Erin D. Michos, MD, MHS, associate director of preventive cardiology at Johns Hopkins Ciccarone Center for the Prevention of Heart Disease and associate professor of medicine at Johns Hopkins Medicine, both in Baltimore.
My doctor wants me to wear a heart monitor for 30 days. Why so long?
A heart-rhythm monitor is something that is worn continuously to give your doctor a better picture of your heart’s activity. There are different types of heart monitors. Examples include Holter monitors, cardiac event recorders, mobile cardiac telemetry and Zio patches.
Heart monitoring can be ordered for many reasons. Examples: It may be prescribed when symptoms such as syncope (passing out), near syncope (nearly fainting) or significant, bothersome palpitations (heart racing) indicate the possibility of an abnormal heart rhythm (arrhythmia).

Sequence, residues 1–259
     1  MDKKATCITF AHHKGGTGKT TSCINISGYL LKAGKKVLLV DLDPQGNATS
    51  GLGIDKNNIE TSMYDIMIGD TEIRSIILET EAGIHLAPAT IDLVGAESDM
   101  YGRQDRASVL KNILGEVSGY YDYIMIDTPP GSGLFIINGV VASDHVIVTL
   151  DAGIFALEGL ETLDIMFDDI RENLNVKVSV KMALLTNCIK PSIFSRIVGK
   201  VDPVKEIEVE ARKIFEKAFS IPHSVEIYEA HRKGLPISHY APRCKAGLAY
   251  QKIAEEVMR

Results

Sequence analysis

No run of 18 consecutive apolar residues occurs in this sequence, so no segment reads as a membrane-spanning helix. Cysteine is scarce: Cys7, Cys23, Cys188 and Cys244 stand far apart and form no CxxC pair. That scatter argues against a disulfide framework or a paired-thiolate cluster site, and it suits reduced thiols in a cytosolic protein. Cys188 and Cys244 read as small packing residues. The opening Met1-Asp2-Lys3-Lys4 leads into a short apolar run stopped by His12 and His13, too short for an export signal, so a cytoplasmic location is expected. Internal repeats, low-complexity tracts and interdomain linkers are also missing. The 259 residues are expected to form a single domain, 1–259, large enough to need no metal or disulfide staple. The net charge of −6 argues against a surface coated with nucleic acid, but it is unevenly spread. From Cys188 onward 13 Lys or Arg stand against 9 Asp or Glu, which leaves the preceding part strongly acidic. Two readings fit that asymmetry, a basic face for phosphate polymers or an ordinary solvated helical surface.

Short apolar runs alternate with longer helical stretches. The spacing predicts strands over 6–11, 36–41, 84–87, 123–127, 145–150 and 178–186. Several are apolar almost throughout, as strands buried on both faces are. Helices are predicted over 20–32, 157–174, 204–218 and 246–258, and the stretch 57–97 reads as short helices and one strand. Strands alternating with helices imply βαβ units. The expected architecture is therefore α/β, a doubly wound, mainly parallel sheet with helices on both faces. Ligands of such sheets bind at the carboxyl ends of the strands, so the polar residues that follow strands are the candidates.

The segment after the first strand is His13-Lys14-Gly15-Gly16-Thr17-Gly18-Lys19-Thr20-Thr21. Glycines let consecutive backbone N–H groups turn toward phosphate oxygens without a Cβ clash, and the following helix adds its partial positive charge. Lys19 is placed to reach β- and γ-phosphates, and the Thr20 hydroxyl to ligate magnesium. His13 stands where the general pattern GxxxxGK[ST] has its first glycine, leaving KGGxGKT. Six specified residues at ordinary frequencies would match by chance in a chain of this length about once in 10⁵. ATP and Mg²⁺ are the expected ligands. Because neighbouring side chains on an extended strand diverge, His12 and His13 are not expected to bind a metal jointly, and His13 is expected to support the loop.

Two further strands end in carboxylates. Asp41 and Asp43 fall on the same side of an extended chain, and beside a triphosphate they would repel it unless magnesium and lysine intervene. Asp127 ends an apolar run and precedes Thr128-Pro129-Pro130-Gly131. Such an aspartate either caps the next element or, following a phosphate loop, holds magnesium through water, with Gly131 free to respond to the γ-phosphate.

The Holter monitor is usually used for 24- or 48-hour periods, but if symptoms don’t happen every day, this monitor may not capture an episode. In this case, the patient may be advised to wear a different type of longer-term monitor (for example, a cardiac event recorder, mobile cardiac telemetry or Zio patch) for a longer period, such as two to four weeks.
Because some symptoms occur infrequently and/or are not due to cardiac arrhythmias, 30-day heart monitoring is sometimes done to help explain what the patient is experiencing.
When a patient has had a stroke from an unexplained cause, for example, wearing a heart monitor for 30 days can reveal if the person is having episodes of atrial fibrillation, a type of heart arrhythmia that can lead to blood clots in the heart that can then travel to the brain and block blood flow.